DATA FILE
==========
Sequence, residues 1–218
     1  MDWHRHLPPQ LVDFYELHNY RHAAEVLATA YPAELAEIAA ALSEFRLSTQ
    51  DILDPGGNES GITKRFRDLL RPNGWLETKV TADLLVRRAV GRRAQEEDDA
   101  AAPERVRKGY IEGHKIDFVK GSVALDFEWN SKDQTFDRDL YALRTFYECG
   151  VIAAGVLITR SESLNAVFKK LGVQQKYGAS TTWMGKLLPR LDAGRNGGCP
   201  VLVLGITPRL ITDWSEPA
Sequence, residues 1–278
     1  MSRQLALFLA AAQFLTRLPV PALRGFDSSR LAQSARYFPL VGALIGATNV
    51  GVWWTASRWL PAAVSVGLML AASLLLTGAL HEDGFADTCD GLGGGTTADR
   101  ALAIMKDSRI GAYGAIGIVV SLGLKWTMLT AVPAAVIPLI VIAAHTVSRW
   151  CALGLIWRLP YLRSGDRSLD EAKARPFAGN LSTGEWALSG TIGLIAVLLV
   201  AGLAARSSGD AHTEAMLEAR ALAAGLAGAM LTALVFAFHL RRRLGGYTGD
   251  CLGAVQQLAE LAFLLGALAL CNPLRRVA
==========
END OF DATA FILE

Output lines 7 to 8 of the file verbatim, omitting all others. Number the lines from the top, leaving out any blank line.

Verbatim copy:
Sequence, residues 1–278
     1  MSRQLALFLA AAQFLTRLPV PALRGFDSSR LAQSARYFPL VGALIGATNV